All scientific theories remain contingent, but sometimes the evidence-base supporting them is strong enough that we can have good confidence that some new observation won’t happen along to upset them anytime soon. The Heliocentric model of the solar system, evolution through natural selection, etc still hold theoretical status, but flat Earthers and creationists are not exercising reasonable or scientific scepticism when they deny them. Likewise, working memory represents a theory from cognitive science in which we can have strong confidence.
Does this study have implications for teaching and learning (which are not yet clear)?
No. In fact, with all the advances in neuroimaging and our understanding of the brain, it is highly unlikely that we’ll see many applications for classroom practice arising from neuroscience. The reasons for this are explained really well in these three articles:
Bishop, who is a neuroscientist specialising in child development argues that whilst there are a few instances of neuroscience being applied to techniques like neurofeedback, neuropharmacology and brain stimulation, that in the main we should focus on cognitive and behavioural evidence to understand teaching:
“If our goal is to develop better educational interventions, then we should be directing research funds into well-designed trials of cognitive and behavioural studies of learning, rather than fixating on neuroscience”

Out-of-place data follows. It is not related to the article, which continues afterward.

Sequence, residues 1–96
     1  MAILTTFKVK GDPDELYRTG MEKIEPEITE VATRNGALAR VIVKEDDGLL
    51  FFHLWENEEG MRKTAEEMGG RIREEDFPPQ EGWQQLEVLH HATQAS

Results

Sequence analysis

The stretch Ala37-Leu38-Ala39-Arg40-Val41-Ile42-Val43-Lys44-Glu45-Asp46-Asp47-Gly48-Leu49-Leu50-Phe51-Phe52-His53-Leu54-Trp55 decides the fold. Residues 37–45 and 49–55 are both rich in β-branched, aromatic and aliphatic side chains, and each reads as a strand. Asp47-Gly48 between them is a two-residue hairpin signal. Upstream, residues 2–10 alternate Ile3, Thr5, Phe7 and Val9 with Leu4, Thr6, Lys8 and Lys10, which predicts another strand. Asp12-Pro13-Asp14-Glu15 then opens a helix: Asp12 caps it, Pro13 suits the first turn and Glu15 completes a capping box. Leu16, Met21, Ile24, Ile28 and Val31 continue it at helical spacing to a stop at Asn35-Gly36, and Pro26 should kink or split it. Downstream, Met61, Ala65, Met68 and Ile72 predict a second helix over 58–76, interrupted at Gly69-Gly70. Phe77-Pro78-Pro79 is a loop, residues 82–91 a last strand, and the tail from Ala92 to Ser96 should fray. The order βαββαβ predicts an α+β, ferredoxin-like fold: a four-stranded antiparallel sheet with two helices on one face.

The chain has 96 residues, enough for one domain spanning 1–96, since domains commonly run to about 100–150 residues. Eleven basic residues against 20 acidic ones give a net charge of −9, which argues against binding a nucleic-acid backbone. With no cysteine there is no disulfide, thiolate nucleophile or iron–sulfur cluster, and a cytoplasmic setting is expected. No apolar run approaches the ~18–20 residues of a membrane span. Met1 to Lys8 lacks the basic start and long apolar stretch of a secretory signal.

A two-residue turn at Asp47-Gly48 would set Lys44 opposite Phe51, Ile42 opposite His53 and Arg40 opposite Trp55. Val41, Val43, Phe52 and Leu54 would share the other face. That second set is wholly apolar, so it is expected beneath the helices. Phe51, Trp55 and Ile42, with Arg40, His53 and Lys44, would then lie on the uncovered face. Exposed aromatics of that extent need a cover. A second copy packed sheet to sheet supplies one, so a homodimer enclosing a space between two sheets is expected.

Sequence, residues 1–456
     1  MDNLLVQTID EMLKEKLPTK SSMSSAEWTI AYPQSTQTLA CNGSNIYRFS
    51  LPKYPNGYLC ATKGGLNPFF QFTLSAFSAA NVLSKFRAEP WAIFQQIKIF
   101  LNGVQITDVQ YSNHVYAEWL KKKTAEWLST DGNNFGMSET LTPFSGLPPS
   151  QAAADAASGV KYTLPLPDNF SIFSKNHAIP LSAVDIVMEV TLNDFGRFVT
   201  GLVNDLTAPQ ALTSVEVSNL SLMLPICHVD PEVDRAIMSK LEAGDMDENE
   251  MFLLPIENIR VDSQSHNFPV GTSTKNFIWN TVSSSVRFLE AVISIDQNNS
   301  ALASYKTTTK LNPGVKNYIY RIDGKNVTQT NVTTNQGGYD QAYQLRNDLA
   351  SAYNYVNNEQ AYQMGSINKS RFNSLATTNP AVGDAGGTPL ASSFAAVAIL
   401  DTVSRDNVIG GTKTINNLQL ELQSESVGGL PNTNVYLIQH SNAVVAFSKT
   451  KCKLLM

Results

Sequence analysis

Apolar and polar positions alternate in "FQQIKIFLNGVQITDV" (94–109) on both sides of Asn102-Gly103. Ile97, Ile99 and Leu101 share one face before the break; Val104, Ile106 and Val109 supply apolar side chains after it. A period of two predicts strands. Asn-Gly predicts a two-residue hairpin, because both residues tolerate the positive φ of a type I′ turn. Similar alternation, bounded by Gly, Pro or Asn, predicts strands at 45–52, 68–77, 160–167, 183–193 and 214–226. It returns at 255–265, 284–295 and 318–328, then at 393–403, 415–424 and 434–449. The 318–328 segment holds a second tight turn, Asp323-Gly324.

Bowers argues that neuroscience is often conflated with cognitive psychology and takes credit for its applications. There’s perhaps a reasonable degree of evidence to support this accusation – as even a recent EEF news report mislabelled research into sleep and spaced retrieval practice as neuroscience. In terms of whether neuroscience will give rise to useful applications for teachers:
“More importantly, regarding the assessment of instruction, the only relevant issue is whether the child learns, as reflected in behavior.”
Willingham, now Professor of Psychology at the University of Virginia was formerly involved in cognitive neuroscience research looking at brain mechanisms involved in learning. He makes a couple of useful points to bear in mind when assessing the connection between neuroscience and classroom practice.
Firstly, neuroscience isn’t an appropriate level of description for understanding learning in the classroom. Neurological explanations of teaching or learning would be examples of ‘greedy reductionism’. The distance between the actions of a group of neurons in the brain and a group of children in a classroom means that trying to pin classroom behaviours to neurological foundations essentially skips whole levels of theory and description in between. Willingham describes this as the ‘vertical’ problem of educational neuroscience.
Secondly, and in my opinion this represents a deeper problem for Mulcahy’s post, Willingham describes the ‘horizontal’ problem of educational neuroscience: